Currently, I have recently developed a phobia of walking down the stairs. Going up the stairs is not a problem; just coming down. Too many falls in the past few months has triggered this phobia, but I can’t say that I had really classified it as a fear up until a few weeks ago when I mentioned it to a friend. Now I am not even sure if it is just the stairs I fear falling–I think it is falling in general.

With my balance continuing to worsen, I have now restarted Physical Therapy, but it takes place here at my house. Due to the decline of function in my hands (especially the right hand), I will also be starting soon some sessions of Occupational Therapy. The reason for having the sessions here at home is to help me with my everyday living. For example, because I started my first PT session last week, we did a huge overview of my current conditions and discussed the areas in which I need assistance. Most of my current frustrations deal in the realm of OT, but balance was a major issue for me in PT. She gave me a suggestion for going down the stairs sideways, but to be honest, it doesn’t make me feel any better about the decline. As for right now we are mainly focusing on extra balancing exercises to accompany the PT strengthening exercises I have been doing already.

To access my current conditions, my therapist had me perform some “strength and mobility” tests. I can only stand on one foot for a mere one or two seconds…and standing with one foot in front of the other depends on which foot is placed first. Considering I have had two blood clots in my left leg, don’t be surprised to hear that it is my stronger leg. I think it always has been to be honest. When we lived in Colorado, I did get the chance to learn how to snowboard before my balance would no longer permit the activity. My Dad insisted that my sister and I take a half day of lessons before we just went out on our own. At the rental shop, when deciphering which foot you will put forward on the board, the rental personal did a little test. He had me turn around and gave me a slight nudge. I put my left foot forward first. He said, “You’re a regular foot.” (A right foot is called a goofy foot.) I think if anyone gave me a little nudge today, I would just fall over.

I am seeing the reality that my balance and falling will worsen. I have no control over it. There are days when I am to the point of tears at my balance. Other days, I find humor in it. I think it parallels the balance of life: days when strength is strong and days when strength is weak…in both I need to keep looking upwards, knowing when I fall, He still stands.

I lift up my eyes to the hills. From where does my help come? My help comes from the Lord, who made heaven and earth.

Psalm 121: 1-2 ESV

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Unshakable

The other night at dinner, we were discussing old movies. Old–as in black and white…as in Charlie Chaplin, Laurel and Hardy and the like. We grew up watching many of these kind…either that or classic reruns of black and white television shows, such as The Lone Ranger, Petticoat Junction, The Dick van Dyke Show, I Love Lucy, The Beverly Hillbillies or The Andy Griffith Show. If I ever need a hearty laugh, these are bound for success!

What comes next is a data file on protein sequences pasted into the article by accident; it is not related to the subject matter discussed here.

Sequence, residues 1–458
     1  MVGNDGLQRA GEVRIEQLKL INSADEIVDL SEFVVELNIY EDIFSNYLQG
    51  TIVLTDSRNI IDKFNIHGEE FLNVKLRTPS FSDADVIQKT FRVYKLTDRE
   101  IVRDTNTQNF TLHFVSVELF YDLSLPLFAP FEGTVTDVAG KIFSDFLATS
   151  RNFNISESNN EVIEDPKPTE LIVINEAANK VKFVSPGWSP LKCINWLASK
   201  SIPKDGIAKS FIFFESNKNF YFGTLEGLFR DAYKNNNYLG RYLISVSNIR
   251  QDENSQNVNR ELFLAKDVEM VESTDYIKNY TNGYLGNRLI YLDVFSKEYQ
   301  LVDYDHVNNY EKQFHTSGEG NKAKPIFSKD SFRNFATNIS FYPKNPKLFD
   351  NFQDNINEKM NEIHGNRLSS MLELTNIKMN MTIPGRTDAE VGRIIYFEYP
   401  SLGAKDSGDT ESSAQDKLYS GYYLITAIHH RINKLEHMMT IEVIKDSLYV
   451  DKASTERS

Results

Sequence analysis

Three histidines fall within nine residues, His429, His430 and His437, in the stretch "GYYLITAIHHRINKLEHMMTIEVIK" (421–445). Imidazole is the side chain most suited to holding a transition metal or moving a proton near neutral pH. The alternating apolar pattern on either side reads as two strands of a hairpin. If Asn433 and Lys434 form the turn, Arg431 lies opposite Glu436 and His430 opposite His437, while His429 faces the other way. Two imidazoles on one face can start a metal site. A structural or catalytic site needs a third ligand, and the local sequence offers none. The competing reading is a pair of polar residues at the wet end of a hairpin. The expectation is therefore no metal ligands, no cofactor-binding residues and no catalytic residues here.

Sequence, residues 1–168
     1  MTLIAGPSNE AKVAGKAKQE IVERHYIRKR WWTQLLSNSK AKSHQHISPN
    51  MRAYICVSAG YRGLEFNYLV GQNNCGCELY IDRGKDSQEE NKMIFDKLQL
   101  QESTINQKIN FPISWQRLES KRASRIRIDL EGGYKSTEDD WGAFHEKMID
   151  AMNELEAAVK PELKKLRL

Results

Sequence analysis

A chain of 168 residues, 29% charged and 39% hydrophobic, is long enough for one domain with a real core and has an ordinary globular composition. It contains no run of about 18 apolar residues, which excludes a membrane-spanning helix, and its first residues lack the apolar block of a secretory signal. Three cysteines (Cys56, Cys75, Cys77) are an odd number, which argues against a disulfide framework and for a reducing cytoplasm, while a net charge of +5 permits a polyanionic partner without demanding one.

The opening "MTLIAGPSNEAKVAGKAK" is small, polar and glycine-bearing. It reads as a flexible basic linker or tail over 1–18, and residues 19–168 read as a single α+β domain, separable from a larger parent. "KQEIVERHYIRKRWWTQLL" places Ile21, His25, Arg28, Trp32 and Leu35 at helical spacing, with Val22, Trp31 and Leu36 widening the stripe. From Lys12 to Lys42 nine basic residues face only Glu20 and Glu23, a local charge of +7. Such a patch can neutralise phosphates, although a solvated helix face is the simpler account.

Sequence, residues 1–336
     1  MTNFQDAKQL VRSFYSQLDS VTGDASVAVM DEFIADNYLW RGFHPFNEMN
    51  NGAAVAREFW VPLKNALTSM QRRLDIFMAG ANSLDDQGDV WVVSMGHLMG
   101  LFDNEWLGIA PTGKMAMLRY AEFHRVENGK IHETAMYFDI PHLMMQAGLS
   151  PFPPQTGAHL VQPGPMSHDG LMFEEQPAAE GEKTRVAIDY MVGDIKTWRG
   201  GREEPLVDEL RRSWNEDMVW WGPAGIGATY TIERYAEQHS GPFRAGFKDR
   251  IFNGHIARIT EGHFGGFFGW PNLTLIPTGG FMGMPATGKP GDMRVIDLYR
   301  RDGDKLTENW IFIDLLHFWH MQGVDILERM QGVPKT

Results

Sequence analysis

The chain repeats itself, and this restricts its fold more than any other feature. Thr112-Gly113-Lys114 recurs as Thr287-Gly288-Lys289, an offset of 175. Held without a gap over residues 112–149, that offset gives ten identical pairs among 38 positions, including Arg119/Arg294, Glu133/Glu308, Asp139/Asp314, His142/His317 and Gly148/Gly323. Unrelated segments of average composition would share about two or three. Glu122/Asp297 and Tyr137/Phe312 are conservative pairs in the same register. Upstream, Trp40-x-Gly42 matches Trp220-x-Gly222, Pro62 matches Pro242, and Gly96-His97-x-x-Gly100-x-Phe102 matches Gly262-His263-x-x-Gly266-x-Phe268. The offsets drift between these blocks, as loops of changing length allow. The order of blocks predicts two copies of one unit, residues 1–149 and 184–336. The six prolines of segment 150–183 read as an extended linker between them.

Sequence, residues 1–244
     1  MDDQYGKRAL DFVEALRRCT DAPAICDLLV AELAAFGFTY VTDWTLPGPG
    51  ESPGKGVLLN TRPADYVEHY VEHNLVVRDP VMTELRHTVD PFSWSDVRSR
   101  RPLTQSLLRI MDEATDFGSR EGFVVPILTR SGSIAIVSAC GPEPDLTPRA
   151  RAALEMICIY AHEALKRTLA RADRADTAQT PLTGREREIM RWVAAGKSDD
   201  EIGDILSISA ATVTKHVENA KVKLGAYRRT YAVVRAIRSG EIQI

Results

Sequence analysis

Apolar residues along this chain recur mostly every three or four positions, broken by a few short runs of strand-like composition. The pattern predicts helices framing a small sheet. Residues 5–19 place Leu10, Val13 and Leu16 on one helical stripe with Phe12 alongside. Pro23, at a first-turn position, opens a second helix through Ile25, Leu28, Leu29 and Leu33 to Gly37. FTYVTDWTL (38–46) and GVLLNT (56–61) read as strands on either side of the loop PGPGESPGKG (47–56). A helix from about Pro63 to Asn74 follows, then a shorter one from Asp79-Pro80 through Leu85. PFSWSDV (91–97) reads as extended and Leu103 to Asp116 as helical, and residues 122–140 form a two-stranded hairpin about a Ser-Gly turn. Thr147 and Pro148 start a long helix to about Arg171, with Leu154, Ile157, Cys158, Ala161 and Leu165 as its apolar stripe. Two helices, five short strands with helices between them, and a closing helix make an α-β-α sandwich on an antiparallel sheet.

Don Knotts, who plays Barney Fife on The Andy Griffith Show, also starred in many funny movies: The Ghost and Mr. Chicken, The Reluctant Astronaut and The Shakiest Gun in the West are personal favorites. In the 1968 film, The Shakiest Gun in the West, we find Jesse W. Haywood (Knotts) fresh out of a dentist school in Philadelphia and now pursuing the West to open an office and provide his services there. One hilarious event after another, Haywood’s vulnerability places him right in the middle of a secret government case in which he has been lured into by the stagecoach robber, Penelope “Bad Penny” Cushing, who has been offered a pardon if she helps solve the case.

Haywood at the beginning of the movie is not what you would label a western man. Everything changes for him when the other wagon men see–what they perceive–as Haywood fighting off a group of Native Americans. Suddenly he is a hero. From that point on, his pride is fueled, enough even to accept a challenge from the famous and feared Arnold the Kid. It is only after this that he discovers the truth about his fighting abilities–it is not him, but has been Penny the entire time. Crushed, he returns to the plain old Jesse W. Haywood…a nobody in his eyes. I don’t want to spoil anymore of the movie, but I will say that in the end, we see that Haywood learns confidence. He has experienced the West and longed to be something big–but in the end, it is not his pride or fighting skills that earn him his recognition but simply by being himself and what he does best: being a dentist.